My camera is logitech QuickCam C100.
            Should I increase the value in frame buffer ( Default value is only 10)?

  6. programme error information:

    Max hit: 0
    Total poses in the database: 84
    KTree 0

    Cuda error in file ‘/home/mcc-lxy/MarkerlessARDemo/AR/’ in line 96 : invalid texture reference.

  7. Of course I clicked the 2 coners in camera frame.
    My camera is logitech QuickCam C100.
    Should I increase the value in frame buffer ( Default value is only 10)?

    1. You shouldn’t increase the buffer. It won’t help if your computer can’t process the buffer queue fast enough.

  8. line 225 and 475 in AR/AR.cpp, WarpModel(scale, 0.0, xscale, yscale) is used to warp the model image. But I found the 2nd parameter in function WarpModel always equal to zero, why? And I read code to find “xscale = m_out_of_plane_rotations[0~3]=0,30,45,60″, I think these data is angle value other than scale value. This code”,0) = xscale*scale;” is what mean. Would you please explain it to me,thank you very much!

    1. The 0.0 parameter is rotation. I originally implemented Simon’s older version, where he warped the image for different rotations. Later he wrote a rotation invariant version. I implemented that version, so I no longer needed to generate images for different rotation, that’s why it’s zero all the time.

      I wrote a quick PDF explaining out-of-plane rotation.

      Hopefully it’ll explain everything.

  9. Hi,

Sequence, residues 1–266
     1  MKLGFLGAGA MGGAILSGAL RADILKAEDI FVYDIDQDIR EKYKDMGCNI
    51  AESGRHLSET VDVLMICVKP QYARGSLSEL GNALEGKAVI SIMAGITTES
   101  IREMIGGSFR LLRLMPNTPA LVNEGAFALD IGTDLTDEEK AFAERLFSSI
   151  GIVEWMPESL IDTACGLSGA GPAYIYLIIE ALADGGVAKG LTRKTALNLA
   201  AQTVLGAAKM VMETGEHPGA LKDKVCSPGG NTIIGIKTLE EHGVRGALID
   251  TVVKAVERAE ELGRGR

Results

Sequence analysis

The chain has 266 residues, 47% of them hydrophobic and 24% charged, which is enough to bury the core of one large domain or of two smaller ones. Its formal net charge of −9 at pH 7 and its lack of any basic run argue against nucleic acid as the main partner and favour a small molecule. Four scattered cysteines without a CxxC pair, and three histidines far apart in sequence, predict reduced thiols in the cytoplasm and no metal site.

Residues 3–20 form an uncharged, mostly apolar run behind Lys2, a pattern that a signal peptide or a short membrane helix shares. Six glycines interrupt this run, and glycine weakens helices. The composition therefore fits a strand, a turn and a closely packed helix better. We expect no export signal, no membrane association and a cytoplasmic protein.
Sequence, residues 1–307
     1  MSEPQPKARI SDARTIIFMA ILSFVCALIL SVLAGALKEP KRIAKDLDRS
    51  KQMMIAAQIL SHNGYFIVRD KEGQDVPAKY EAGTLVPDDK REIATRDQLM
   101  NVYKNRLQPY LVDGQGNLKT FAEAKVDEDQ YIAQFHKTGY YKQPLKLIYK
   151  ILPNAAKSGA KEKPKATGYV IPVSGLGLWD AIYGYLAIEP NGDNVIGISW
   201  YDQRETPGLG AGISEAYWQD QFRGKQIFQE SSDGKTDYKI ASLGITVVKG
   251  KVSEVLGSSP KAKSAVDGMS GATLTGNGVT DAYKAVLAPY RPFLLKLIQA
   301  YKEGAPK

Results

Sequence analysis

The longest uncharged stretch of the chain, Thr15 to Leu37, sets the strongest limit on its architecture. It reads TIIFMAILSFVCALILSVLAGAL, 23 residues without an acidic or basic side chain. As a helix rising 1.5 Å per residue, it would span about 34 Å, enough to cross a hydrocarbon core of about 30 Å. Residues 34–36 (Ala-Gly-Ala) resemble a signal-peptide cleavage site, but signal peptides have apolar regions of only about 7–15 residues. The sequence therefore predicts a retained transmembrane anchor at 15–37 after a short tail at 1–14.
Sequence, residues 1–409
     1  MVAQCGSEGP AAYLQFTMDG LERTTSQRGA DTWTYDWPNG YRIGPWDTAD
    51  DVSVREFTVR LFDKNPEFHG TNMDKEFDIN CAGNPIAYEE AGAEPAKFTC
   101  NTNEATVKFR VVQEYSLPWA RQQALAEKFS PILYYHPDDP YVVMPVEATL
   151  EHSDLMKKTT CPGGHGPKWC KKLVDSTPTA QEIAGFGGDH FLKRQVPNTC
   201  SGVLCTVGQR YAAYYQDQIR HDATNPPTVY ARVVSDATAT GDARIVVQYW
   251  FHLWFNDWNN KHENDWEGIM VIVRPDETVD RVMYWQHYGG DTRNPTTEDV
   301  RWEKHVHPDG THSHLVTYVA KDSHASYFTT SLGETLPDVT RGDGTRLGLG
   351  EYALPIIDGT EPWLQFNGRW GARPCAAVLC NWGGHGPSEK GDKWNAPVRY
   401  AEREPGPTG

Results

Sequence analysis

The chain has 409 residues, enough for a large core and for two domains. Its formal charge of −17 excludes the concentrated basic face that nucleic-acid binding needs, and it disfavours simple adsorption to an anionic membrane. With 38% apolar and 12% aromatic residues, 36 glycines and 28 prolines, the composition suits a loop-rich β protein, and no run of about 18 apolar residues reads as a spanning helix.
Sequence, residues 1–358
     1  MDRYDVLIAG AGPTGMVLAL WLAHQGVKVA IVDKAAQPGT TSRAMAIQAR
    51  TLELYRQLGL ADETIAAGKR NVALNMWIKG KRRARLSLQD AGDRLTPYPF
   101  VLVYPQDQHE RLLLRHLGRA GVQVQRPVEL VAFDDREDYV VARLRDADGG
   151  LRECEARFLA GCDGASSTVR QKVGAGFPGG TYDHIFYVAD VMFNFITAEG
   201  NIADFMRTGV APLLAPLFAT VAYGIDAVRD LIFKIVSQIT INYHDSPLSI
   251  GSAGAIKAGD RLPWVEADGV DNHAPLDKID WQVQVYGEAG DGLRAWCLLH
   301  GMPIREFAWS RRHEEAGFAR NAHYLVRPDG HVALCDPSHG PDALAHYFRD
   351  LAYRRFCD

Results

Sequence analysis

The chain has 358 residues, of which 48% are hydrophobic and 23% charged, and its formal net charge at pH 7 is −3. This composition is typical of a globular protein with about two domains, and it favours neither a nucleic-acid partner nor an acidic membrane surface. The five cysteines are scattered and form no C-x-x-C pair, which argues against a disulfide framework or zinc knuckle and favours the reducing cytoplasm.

I’m new in AR and I;m currently work on tis as well. I’m developing under window and I wanna know is it possible to use ur code with computer that doesn’t have NVIDIA graphic card because when I gone through ur code, u are using CUDA and in my knowledge CUDA is for development under NVIDIA graphic card.


    1. Hi,

      It is possible to use my code without CUDA. CUDA is used at the moment to build the feature descriptor and do matching. There is already a CPU only version that does the feature descriptor part, on startup when the features are extracted from the model. To do the fast matching, you’ll probably have to use OpenCV Flann. I’ve been meaning to update the code to include a #define to people with/without CUDA, but haven’t gotten around to it.

  10. Hi, I am also working on Markerless Augmented Reality. However I used SIFT/SURF features, and RANSAC to estimate homography. Then I need to get the OpenGL modelview transformation matrix so I can start AR, from the 3×3 homography matrix. Which part of your code starts to estimate two transformation matrices for OpenGL: a modelview matrix (which I figure out above, based on the camera’s EXtrinsic properties) and a projection matrix (which is based on the camera’s INtrinsic properties)? Could you please help me for this handicap.

    1. Hi,

      The code you’re looking for starts at line 699 in AR.cpp. It calls RPP::Rpp to estimate the pose. The results are returned in m_model_rotation_mat and m_model_translation_mat. Using those 2 matrix, I plug it into OpenGL, which occurs at line 360 in ARPanel.cpp.

    1. The code is on this page. It’s not suitable for mobile application because I use CUDA, which requires an NVIDIA card. You can however try and adapt the code for mobile.